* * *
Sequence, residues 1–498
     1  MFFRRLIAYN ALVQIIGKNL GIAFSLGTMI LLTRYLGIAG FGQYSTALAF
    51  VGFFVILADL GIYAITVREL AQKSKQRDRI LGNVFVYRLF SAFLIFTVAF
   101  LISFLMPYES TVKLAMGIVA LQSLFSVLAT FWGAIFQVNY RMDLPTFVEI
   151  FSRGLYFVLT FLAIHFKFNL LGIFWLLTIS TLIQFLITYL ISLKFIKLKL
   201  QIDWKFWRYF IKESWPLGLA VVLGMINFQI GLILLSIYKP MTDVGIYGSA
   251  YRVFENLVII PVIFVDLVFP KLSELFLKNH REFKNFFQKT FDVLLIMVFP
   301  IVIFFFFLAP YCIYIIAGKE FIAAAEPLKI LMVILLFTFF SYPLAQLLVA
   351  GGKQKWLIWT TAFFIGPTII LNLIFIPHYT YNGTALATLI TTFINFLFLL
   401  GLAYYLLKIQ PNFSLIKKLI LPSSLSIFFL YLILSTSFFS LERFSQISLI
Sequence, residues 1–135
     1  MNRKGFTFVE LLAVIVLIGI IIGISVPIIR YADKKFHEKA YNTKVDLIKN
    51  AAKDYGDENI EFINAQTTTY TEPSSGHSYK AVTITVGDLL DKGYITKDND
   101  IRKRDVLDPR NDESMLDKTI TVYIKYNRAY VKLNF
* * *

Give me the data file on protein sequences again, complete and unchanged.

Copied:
Sequence, residues 1–498
     1  MFFRRLIAYN ALVQIIGKNL GIAFSLGTMI LLTRYLGIAG FGQYSTALAF
    51  VGFFVILADL GIYAITVREL AQKSKQRDRI LGNVFVYRLF SAFLIFTVAF
   101  LISFLMPYES TVKLAMGIVA LQSLFSVLAT FWGAIFQVNY RMDLPTFVEI
   151  FSRGLYFVLT FLAIHFKFNL LGIFWLLTIS TLIQFLITYL ISLKFIKLKL
   201  QIDWKFWRYF IKESWPLGLA VVLGMINFQI GLILLSIYKP MTDVGIYGSA
   251  YRVFENLVII PVIFVDLVFP KLSELFLKNH REFKNFFQKT FDVLLIMVFP
   301  IVIFFFFLAP YCIYIIAGKE FIAAAEPLKI LMVILLFTFF SYPLAQLLVA
   351  GGKQKWLIWT TAFFIGPTII LNLIFIPHYT YNGTALATLI TTFINFLFLL
   401  GLAYYLLKIQ PNFSLIKKLI LPSSLSIFFL YLILSTSFFS LERFSQISLI
Sequence, residues 1–135
     1  MNRKGFTFVE LLAVIVLIGI IIGISVPIIR YADKKFHEKA YNTKVDLIKN
    51  AAKDYGDENI EFINAQTTTY TEPSSGHSYK AVTITVGDLL DKGYITKDND
   101  IRKRDVLDPR NDESMLDKTI TVYIKYNRAY VKLNF